Sentiment Analysis Using Transformers

Vedansh Shrivastava 08 Feb, 2022
6 min read

Introduction

Sentiment Analysis has been a very popular activity since the beginning of Natural Language Processing (NLP). It belongs to a subtask or application of text classification, identifying sentiments or subjective information from different texts.

Sentiment Analysis means to identify the view or emotion behind a situation. It means to analyze and find the emotion or intent behind a piece of text or speech or any mode of communication.

Common use cases of sentiment analysis include monitoring customer feedback, targeting individuals to improve their service, and tracking how a change in product or service affects how customers feel. It also helps to track customer sentiment over time. From opinion polls to creative marketing strategy, this platform has completely redefined the way businesses operate, which is why this is an area every data scientist should be well aware of.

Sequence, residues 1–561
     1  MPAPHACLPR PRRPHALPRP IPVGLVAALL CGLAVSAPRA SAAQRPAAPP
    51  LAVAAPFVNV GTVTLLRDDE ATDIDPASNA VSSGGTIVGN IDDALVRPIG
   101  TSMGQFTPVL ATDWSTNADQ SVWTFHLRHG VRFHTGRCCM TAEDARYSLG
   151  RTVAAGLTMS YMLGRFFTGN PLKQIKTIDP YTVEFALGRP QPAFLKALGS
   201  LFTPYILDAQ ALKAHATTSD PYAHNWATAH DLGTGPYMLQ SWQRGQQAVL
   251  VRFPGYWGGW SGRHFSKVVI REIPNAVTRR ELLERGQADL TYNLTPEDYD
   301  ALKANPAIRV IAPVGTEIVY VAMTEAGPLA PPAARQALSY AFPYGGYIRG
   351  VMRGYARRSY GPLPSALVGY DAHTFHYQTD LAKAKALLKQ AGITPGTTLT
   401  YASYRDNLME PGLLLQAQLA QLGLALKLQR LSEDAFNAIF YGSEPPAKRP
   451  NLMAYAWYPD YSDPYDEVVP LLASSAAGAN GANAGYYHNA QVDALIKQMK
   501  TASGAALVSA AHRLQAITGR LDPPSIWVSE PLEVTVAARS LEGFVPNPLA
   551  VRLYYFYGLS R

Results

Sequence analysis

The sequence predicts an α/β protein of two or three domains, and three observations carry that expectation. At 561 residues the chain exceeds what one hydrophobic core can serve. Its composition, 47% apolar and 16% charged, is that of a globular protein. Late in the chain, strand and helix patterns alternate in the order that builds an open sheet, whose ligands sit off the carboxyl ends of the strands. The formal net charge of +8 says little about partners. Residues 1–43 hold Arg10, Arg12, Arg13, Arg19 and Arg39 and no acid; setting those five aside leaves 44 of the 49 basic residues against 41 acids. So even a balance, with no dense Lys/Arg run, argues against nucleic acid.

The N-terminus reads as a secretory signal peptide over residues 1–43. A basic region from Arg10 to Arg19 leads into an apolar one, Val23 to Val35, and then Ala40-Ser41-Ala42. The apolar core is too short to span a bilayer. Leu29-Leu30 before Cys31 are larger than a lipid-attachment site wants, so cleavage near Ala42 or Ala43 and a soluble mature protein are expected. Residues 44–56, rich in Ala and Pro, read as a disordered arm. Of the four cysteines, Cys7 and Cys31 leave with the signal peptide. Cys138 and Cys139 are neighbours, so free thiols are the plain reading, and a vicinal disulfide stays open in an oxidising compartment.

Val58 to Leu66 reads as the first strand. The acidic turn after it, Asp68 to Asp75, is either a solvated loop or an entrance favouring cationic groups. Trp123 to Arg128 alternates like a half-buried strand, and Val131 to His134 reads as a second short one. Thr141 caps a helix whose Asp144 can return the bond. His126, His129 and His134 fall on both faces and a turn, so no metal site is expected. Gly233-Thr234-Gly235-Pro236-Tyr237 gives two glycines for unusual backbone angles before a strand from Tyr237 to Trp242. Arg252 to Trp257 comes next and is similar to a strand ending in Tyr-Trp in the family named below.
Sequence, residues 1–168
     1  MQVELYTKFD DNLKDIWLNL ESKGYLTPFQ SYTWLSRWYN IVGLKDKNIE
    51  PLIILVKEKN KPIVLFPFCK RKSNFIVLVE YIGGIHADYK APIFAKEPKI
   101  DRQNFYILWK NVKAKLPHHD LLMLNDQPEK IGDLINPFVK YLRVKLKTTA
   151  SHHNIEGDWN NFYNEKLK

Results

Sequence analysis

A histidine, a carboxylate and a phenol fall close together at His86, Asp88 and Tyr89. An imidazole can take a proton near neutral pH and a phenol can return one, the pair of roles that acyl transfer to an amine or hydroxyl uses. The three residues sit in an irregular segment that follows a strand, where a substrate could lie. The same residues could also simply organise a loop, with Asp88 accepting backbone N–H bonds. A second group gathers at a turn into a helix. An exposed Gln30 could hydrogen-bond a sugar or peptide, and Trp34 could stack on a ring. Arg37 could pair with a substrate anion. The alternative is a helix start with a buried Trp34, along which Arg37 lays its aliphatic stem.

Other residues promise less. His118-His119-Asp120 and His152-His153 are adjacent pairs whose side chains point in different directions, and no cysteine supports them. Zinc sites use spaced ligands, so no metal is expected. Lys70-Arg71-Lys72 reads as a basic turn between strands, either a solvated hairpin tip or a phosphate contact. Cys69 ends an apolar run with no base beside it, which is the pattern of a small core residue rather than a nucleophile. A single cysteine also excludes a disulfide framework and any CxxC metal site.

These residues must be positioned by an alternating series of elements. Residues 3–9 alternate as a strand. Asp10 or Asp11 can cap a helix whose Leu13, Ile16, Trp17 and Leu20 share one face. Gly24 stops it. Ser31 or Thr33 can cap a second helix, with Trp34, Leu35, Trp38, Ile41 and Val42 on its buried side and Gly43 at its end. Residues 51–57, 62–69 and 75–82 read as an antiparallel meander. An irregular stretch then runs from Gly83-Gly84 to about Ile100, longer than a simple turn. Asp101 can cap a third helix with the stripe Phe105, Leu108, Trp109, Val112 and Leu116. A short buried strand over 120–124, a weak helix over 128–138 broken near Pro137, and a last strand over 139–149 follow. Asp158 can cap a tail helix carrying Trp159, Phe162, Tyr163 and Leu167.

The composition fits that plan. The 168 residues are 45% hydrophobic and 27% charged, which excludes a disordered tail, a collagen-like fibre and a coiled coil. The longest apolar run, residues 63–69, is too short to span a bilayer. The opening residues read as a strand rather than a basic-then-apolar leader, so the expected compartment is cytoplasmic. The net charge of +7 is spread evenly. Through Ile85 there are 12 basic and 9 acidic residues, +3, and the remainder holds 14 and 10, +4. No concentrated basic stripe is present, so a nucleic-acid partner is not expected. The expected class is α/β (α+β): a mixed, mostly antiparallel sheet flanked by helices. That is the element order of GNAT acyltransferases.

In this article, we will be training the sentiment analysis model on a custom dataset using transformers.

Table Of Contents

1 Understanding the Problem statements

2 Import Library

3 Data Preparation

4 Model Building: Sentiment Analysis

5 Find the sentiments on test data

6 Conclusion

Understanding the Problem Statement

Let’s go through the problem statement as well it is very important to understand the purpose before working on the database. The problem statement is as follows:

The purpose of this activity is to detect hate speech in tweets. For simplicity, we say that a tweet contains hate speech when it is associated with racial or sexual prejudice. Therefore, the task is to distinguish racist or sexual tweets from other tweets.

Officially, when a training sample is provided for tweets and labels, where the label ‘1’ means the tweet is discriminatory / gender and the label ‘0’ means the tweet is not racist/sexist, you intend to predict the labels on the test data provided.